From: Beman Dawes (bdawes_at_[hidden])
Date: 2001-07-20 11:01:39
I think that Boost Coding Guidelines should be accepted, but subject to
refactoring into separate "Requirements" and "Guidelines" documents. The
refactoring should include material from the current "Library Requirements
and Guidelines" page, http://www.boost.org/more/lib_guide.htm, and perhaps
one or two other current pages.
Vesa Karvonen's comments are well worth repeating:
The style/terminology of a guidelines document should be different
from the style/terminology of a requirements document. A requirements
document describes what is required. A guidelines document describes
what is recommended (sometimes strongly). A guidelines document should
not use phrases like "is required" or "must be".
In principle, violation of requirements should be grounds for rejection
of a library, although singular violations could be accepted by group
consensus. On the other hand, violation of (a few) guidelines should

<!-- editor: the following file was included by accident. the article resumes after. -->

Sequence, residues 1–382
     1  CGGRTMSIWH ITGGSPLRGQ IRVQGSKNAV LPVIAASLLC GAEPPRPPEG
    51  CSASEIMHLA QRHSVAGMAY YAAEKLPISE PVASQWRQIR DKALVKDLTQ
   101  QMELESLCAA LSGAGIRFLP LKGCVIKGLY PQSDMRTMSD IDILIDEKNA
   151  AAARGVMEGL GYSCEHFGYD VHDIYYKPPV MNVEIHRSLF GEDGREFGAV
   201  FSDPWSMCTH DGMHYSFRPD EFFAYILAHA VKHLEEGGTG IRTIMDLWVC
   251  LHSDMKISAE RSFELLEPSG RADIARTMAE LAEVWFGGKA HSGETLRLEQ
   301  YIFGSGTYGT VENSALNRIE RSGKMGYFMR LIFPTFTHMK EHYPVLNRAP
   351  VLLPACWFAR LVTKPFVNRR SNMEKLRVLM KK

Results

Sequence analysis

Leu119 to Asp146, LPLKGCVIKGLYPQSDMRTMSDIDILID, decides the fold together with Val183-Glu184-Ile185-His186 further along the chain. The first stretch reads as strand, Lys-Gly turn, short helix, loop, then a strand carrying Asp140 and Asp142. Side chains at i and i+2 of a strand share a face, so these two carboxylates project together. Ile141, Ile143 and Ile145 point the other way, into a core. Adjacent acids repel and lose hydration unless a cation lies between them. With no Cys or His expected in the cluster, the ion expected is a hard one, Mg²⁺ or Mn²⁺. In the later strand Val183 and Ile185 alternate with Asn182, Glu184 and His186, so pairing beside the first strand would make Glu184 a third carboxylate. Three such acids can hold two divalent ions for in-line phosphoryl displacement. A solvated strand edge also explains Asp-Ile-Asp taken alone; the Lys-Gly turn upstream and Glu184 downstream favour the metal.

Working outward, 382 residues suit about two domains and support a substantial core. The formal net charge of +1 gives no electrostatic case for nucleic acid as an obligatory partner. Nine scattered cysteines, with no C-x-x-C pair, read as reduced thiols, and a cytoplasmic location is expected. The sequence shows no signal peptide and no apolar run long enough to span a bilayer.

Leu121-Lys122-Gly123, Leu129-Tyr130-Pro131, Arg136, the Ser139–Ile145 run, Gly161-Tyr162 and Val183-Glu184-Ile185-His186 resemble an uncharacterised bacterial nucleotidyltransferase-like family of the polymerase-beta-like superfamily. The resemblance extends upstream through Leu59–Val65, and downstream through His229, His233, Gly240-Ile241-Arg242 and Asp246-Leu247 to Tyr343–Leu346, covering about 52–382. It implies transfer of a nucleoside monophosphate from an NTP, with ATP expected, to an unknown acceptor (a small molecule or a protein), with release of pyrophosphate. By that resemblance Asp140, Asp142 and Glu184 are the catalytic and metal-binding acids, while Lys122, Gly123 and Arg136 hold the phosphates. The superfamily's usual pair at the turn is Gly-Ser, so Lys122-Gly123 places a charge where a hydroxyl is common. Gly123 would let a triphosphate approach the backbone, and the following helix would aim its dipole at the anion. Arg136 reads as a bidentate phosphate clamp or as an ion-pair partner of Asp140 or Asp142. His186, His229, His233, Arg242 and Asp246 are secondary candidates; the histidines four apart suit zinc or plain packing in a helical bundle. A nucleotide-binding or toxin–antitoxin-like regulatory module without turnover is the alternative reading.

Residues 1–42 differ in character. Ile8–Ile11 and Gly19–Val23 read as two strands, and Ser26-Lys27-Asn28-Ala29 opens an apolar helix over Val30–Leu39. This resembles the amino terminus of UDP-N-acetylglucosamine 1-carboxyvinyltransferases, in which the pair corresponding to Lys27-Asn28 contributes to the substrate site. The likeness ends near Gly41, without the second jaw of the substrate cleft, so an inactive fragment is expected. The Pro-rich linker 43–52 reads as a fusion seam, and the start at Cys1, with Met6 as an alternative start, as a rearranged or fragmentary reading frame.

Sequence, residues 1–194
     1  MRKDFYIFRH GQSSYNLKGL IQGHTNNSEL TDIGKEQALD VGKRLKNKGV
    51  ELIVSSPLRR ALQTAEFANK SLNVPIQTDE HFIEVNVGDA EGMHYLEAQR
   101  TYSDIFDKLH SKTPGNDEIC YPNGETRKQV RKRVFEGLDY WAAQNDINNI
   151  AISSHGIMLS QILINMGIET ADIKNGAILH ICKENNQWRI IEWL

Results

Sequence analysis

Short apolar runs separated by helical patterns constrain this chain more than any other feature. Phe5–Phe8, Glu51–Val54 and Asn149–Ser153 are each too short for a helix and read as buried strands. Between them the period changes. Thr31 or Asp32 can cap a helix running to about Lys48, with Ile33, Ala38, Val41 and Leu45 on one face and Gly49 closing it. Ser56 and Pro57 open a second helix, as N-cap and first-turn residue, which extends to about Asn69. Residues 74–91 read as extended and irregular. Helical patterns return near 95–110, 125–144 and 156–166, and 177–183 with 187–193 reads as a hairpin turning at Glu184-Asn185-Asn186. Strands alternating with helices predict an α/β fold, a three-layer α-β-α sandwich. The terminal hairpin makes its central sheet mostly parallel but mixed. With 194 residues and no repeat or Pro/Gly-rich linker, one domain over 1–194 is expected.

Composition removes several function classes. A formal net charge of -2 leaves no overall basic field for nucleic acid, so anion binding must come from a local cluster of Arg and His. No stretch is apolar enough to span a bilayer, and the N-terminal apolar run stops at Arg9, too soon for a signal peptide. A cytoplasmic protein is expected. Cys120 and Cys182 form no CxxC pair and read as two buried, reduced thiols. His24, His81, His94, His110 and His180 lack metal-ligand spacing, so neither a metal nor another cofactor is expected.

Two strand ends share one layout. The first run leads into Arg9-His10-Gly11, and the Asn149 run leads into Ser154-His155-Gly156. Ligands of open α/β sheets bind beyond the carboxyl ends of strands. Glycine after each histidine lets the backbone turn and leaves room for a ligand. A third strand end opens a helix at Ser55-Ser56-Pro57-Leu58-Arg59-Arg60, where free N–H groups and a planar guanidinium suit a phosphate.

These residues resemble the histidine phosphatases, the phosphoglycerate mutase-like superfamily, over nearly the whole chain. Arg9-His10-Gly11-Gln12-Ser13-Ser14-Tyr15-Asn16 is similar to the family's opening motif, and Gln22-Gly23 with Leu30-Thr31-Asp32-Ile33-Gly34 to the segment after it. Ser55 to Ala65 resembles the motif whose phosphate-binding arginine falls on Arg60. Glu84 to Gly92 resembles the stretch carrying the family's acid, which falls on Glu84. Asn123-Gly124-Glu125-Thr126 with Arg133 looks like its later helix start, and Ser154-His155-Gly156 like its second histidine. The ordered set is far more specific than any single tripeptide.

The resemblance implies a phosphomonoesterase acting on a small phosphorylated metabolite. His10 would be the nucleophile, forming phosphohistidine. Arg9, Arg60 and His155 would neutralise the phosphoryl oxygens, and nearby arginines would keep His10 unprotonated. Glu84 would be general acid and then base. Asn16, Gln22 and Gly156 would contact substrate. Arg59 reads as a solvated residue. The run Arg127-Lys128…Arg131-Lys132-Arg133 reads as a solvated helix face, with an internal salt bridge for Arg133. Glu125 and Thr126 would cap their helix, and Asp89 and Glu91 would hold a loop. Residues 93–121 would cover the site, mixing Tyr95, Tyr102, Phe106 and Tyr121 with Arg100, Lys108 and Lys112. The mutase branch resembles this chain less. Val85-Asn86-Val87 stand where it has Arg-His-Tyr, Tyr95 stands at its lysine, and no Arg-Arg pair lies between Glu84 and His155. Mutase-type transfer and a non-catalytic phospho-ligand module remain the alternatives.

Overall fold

never cause rejection of a library, although violation of numerous
guidelines could be considered grounds for rejection by group
The second of the two paragraphs above might be included in the preamble of
both requirements and guidelines documents, together with a link from each
to the other.
Although I usually hate all uppercase text, to help meet concerns expressed
in the formal review, I think the guidelines document should begin with an
all uppercase imperative similar to Dave Abrahams' current lead sentence,
THESE GUIDELINES ARE NOT INTENDED TO BE USED AS REQUIREMENTS FOR ACCEPTANCE
OF PROPOSED BOOST LIBRARIES.
I don't think another formal review is required after refactoring, but I do
think drafts of the documents should be posted for comments, so that
someone can object if they think a particular requirement or guideline is
I'll volunteer to help with the refactoring, particularly as it would
effect current Boost web pages.
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